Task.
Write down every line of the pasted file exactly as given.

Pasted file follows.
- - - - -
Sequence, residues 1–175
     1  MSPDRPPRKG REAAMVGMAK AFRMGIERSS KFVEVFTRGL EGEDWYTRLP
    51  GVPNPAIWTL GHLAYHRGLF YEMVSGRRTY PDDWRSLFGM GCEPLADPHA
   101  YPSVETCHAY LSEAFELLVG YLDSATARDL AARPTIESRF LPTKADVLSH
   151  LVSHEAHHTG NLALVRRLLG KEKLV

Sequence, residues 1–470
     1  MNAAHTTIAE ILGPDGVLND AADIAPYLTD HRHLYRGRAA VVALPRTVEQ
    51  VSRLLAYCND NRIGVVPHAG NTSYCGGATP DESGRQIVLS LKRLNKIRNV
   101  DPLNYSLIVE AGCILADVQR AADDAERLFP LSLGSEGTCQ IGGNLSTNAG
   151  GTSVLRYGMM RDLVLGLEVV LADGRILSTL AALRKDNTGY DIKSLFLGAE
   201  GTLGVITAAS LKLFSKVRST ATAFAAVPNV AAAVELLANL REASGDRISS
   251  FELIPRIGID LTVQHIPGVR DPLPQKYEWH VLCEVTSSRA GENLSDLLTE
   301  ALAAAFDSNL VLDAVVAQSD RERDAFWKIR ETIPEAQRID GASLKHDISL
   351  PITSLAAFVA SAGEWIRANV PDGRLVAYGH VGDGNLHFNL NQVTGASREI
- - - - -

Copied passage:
Sequence, residues 1–175
     1  MSPDRPPRKG REAAMVGMAK AFRMGIERSS KFVEVFTRGL EGEDWYTRLP
    51  GVPNPAIWTL GHLAYHRGLF YEMVSGRRTY PDDWRSLFGM GCEPLADPHA
   101  YPSVETCHAY LSEAFELLVG YLDSATARDL AARPTIESRF LPTKADVLSH
   151  LVSHEAHHTG NLALVRRLLG KEKLV

Sequence, residues 1–470
     1  MNAAHTTIAE ILGPDGVLND AADIAPYLTD HRHLYRGRAA VVALPRTVEQ
    51  VSRLLAYCND NRIGVVPHAG NTSYCGGATP DESGRQIVLS LKRLNKIRNV
   101  DPLNYSLIVE AGCILADVQR AADDAERLFP LSLGSEGTCQ IGGNLSTNAG
   151  GTSVLRYGMM RDLVLGLEVV LADGRILSTL AALRKDNTGY DIKSLFLGAE
   201  GTLGVITAAS LKLFSKVRST ATAFAAVPNV AAAVELLANL REASGDRISS
   251  FELIPRIGID LTVQHIPGVR DPLPQKYEWH VLCEVTSSRA GENLSDLLTE
   301  ALAAAFDSNL VLDAVVAQSD RERDAFWKIR ETIPEAQRID GASLKHDISL
   351  PITSLAAFVA SAGEWIRANV PDGRLVAYGH VGDGNLHFNL NQVTGASREI